Class certified for challenge to D.C. tax-lien scheme

You may recall an excellent and eye-opening series from the Washington Post in the fall of 2013 showing how a combination of relatively small tax underpayments could add up, with fees and penalties, to losing your home in the nation's capital. (Here's Brian's blog about it, with links.) A class action was filed in September 2013 to challenge the taking of individuals' home under D.C.'s tax-lien laws; the basis of the suit was the Fifth Amendment's Takings Clause. (Here's our discussion.)

Earlier this month, the federal district court here in D.C. certified the class. The court first summarized the case:

Benjamin Coleman brought this lawsuit to challenge a District of Columbia law that directed the sale of a lien on his home after he failed to pay a $133.88 property-tax bill. That law permitted the private purchaser of the lien to add $4,999 in interest, costs, and fees to Mr. Coleman's bill and, when Mr. Coleman could not pay, to institute a foreclosure proceeding. After the foreclosure proceeding, the private purchaser obtained title to Mr. Coleman's home. Mr. Coleman, however, received nothing, although the amount of equity he had in his home far surpassed the amount he admittedly owed in taxes, interest, costs, and related fees. Because the loss of this surplus equity was dictated by District of Columbia law, Mr. Coleman sued to challenge that law. His claim is that the taking of his excess equity–the amount of equity minus the taxes and related costs he admits that he owed–violated his constitutional rights under the Takings Clause of the Fifth Amendment to the United States Constitution.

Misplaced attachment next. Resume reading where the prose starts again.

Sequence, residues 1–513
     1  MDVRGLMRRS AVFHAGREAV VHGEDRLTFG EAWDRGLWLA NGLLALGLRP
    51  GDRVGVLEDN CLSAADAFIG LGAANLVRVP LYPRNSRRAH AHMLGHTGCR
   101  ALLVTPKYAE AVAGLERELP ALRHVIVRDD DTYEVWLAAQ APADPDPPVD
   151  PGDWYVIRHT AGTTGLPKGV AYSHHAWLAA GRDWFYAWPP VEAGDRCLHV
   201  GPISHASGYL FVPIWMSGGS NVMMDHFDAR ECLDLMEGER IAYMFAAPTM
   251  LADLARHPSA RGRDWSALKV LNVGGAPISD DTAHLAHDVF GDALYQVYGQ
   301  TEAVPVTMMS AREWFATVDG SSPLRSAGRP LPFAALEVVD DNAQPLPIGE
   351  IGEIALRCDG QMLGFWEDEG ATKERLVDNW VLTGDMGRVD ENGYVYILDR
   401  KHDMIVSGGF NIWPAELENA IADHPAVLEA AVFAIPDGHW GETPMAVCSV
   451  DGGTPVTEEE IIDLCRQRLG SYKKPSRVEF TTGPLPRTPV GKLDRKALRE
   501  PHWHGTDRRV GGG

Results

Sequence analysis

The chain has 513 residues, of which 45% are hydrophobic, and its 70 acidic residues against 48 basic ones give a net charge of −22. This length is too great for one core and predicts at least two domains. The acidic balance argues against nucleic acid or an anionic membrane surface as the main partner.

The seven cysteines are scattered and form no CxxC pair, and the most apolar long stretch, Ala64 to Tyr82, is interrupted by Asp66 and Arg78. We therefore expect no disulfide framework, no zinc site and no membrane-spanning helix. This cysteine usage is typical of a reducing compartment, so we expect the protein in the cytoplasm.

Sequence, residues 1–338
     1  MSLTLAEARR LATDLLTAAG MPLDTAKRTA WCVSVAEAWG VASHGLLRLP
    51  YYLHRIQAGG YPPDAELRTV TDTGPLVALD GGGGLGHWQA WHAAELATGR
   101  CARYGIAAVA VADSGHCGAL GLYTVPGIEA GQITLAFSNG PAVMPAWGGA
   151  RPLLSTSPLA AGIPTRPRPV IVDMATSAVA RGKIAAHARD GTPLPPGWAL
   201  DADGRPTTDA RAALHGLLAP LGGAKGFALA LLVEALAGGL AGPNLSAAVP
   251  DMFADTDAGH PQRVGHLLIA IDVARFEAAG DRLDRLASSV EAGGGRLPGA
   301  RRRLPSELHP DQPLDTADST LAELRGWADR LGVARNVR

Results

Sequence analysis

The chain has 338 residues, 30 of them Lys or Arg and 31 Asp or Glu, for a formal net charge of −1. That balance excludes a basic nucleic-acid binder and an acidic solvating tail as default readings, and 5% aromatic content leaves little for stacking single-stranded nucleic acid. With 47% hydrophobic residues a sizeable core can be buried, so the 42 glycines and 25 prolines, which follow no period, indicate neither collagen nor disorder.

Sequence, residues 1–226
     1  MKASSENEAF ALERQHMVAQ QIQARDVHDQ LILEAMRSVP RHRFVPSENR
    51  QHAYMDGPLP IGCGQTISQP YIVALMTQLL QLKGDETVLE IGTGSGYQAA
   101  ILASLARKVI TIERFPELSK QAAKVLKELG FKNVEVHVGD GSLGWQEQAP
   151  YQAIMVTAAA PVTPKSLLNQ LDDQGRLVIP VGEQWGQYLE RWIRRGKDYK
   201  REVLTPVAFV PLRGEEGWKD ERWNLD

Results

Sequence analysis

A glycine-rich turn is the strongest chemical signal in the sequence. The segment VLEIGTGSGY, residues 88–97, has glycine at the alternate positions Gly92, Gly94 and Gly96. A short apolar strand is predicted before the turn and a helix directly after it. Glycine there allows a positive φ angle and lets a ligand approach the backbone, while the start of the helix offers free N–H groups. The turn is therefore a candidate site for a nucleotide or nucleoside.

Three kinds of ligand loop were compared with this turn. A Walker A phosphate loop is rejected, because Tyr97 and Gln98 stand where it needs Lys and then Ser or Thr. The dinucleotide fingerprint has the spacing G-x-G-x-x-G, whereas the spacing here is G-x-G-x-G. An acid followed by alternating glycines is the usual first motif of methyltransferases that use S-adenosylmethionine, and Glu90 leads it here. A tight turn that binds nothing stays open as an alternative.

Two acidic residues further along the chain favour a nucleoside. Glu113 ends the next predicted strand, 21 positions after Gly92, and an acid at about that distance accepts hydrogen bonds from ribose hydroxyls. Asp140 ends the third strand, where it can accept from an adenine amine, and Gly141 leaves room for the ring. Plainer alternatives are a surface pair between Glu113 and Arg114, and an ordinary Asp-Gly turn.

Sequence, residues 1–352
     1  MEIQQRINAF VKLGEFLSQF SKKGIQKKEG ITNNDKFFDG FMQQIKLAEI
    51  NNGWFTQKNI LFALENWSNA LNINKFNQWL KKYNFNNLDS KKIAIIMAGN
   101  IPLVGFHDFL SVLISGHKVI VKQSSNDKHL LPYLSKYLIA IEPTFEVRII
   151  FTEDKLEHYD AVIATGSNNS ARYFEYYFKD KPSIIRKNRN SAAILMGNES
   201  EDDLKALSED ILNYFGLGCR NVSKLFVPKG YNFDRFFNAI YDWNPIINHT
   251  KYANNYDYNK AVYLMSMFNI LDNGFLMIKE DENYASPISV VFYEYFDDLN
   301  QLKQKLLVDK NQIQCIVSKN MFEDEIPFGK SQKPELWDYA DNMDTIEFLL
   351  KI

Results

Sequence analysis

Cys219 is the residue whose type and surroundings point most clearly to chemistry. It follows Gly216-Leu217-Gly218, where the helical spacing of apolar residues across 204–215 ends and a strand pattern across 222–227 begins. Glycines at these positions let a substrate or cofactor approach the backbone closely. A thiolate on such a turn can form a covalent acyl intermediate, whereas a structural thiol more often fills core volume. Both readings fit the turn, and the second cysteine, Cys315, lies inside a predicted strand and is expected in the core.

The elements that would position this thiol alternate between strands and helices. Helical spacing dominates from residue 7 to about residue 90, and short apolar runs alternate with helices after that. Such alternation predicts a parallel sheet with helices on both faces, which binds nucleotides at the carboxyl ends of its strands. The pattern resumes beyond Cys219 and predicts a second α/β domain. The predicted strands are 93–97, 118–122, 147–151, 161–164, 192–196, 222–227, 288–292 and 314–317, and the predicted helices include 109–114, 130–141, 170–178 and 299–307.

Among the court's key holdings in certifying a class: The court rejected D.C.'s challenge to standing and certified both a damages class and a class for declaratory relief. Although the class consists of only 34 individuals, the court held that numerosity is satisfied because of the difficulty of joining these uniquely vulnerable, economically disadvantaged individuals. And the court rejected the District's theory that the need for individual valuations of the plaintiffs' properties defeated predominance — the common questions related to District law and the property owners' rights outweighed individual valuation questions, which could be answered by looking to the District's own assessments.

The decision is Coleman v. District of Columbia, 2015 WL 1641097.

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